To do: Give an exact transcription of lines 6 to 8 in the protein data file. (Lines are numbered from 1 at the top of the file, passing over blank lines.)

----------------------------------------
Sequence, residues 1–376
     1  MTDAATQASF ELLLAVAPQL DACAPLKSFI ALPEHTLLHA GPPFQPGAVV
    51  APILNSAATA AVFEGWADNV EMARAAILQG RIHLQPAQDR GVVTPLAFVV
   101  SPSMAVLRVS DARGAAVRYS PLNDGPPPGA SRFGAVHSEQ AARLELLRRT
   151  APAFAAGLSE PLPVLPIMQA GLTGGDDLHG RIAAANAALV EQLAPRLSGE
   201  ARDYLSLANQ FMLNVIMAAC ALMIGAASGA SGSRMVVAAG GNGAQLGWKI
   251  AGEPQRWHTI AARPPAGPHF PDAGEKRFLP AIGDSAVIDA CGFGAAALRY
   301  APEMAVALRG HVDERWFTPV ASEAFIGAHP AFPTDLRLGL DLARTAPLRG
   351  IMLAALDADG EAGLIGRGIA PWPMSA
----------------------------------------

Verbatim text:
   201  ARDYLSLANQ FMLNVIMAAC ALMIGAASGA SGSRMVVAAG GNGAQLGWKI
   251  AGEPQRWHTI AARPPAGPHF PDAGEKRFLP AIGDSAVIDA CGFGAAALRY
   301  APEMAVALRG HVDERWFTPV ASEAFIGAHP AFPTDLRLGL DLARTAPLRG